New doc, Living With Giants, puts a face to struggling Northern Quebec youth

Nunavik’s Paulusie Kasudluak was a teenager with big dreams, balancing traditional Inuit knowledge with modern life - until one bad choice changed everything.

‘We were hoping to avoid all stereotypes that we hear about in the South about the North,’ says filmmaker

'He was going to show us a side of Inuit culture that we never saw before,' said filmmaker Sébastien Rist. (Sébastien Rist and Aude Leroux-Lévesque)

Nunavik's Paulusie Kasudluak was a teenager with big dreams, balancing traditional Inuit knowledge with modern life — until one bad choice changed everything and sent his life spiralling out of control. 

That's the premise of Sébastien Rist and Aude Leroux-Lévesque's full-length documentary Living with Giants, which just premiered at the Hot Docs international documentary film festival in Toronto. 

The film watches as 18-year-old Kasudluak invites Rist and Leroux-Lévesque to his hometown of Inukjuak, Nunavik, in Northern Quebec to document his life.

The filmmakers initially head out to produce a lyrical film about the young man's connection to his culture and land.

"He was going to show us a side of Inuit culture that we've never saw before," said Rist.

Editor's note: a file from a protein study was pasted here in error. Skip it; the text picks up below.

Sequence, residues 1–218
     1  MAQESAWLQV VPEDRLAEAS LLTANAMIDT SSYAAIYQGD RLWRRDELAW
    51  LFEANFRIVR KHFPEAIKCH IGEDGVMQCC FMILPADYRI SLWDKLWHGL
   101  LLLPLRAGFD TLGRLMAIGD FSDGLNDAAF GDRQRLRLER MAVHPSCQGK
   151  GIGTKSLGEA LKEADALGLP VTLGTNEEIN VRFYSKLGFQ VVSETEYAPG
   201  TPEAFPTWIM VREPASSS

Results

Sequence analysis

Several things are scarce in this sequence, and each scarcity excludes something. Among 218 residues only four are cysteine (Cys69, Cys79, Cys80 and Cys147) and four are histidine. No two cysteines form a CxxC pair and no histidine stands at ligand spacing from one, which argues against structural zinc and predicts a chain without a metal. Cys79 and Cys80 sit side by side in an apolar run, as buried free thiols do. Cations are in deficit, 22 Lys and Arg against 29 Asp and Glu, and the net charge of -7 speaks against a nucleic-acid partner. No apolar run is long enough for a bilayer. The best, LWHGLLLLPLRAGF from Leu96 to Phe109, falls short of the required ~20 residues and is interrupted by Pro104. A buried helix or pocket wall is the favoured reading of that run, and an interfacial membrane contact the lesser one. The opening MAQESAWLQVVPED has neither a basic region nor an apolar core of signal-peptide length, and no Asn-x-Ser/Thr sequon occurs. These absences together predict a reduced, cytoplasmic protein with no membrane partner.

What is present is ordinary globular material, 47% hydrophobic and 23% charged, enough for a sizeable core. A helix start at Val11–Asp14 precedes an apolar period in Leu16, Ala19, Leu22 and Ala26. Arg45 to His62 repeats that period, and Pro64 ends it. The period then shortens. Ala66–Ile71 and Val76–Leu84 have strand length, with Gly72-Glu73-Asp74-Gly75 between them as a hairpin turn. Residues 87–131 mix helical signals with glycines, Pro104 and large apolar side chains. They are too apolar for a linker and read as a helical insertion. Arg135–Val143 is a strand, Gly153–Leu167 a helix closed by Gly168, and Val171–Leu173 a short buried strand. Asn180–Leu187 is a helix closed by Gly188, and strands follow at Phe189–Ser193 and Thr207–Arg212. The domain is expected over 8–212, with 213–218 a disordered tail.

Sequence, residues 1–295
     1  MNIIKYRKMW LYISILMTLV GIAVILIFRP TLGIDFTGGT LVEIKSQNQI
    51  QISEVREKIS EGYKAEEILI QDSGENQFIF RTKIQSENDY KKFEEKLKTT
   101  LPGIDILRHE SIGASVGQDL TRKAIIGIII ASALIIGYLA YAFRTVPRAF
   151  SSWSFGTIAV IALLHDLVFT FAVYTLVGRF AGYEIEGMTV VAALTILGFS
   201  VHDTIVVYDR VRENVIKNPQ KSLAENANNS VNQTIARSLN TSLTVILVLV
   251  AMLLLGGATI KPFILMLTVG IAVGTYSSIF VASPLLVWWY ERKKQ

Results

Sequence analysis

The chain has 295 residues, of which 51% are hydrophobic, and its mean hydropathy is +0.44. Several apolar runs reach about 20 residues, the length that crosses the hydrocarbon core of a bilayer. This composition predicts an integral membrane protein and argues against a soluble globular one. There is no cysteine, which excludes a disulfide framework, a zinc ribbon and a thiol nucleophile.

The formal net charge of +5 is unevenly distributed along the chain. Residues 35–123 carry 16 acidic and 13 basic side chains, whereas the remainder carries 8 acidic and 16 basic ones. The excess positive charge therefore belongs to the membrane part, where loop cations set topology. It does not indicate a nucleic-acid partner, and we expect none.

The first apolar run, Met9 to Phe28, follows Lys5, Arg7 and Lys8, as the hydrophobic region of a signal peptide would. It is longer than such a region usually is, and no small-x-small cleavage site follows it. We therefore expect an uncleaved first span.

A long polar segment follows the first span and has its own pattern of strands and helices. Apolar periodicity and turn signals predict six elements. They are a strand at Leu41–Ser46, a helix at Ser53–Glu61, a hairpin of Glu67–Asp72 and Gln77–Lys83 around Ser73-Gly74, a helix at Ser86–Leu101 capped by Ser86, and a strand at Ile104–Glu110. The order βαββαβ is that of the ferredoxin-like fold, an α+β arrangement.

"We were hoping to avoid all stereotypes that we hear about in the South about the North: violence, alcohol, suicide," said Leroux-Lévesque.

But despite their intentions Rist and Leroux-Lévesque encountered a different story.

'Sometimes when you’re isolated and there’s no one in sight, the worst does happen,' said Rist. (Sébastien Rist and Aude Leroux-Lévesque)

When alcohol is smuggled into his dry community for a graduation party, Kasudluak gets drunk and, in a fit of jealousy over his new girlfriend, makes a mistake that alters the course of his life.

"He attacked somebody, he got arrested and was shipped out a couple of days later to a southern community where there was a prison," said Rist.  

"When this happened we were forced to integrate what happened into our story," said Leroux-Lévesque.

Once out on bail Kasudluak tries to make amends with what he did but remains haunted by the incident.

'We want people to see this movie and get attached emotionally to the characters,' said Rist. (Sébastien Rist and Aude Leroux-Lévesque)

"He just tried to cope with it, he tried to get around it, he tried to excuse himself but sometimes when you're isolated and there's no one in sight, the worst does happen," said Rist.    

The documentary tells the story of one person and the impact of his choices on his immediate family and community, but the filmmakers think that there's a broader connection to be made.

Rist points to the suicide crisis in Attawapiskat and in other communities in the North as examples of the need for action.

"We want people to see this movie and get attached emotionally to the characters, so we as southerners stop seeing people as statistics or numbers." 

About the Author

Sima Sahar Zerehi

Sima Sahar Zerehi is a reporter with CBC North. She started her career in journalism with the ethnic press working for a Canadian-based Farsi language newspaper. Her CBC journey began as a regular commentator with CBC radio's Metro Morning. Since then she's worked with CBC in Montreal, Toronto and now Iqaluit.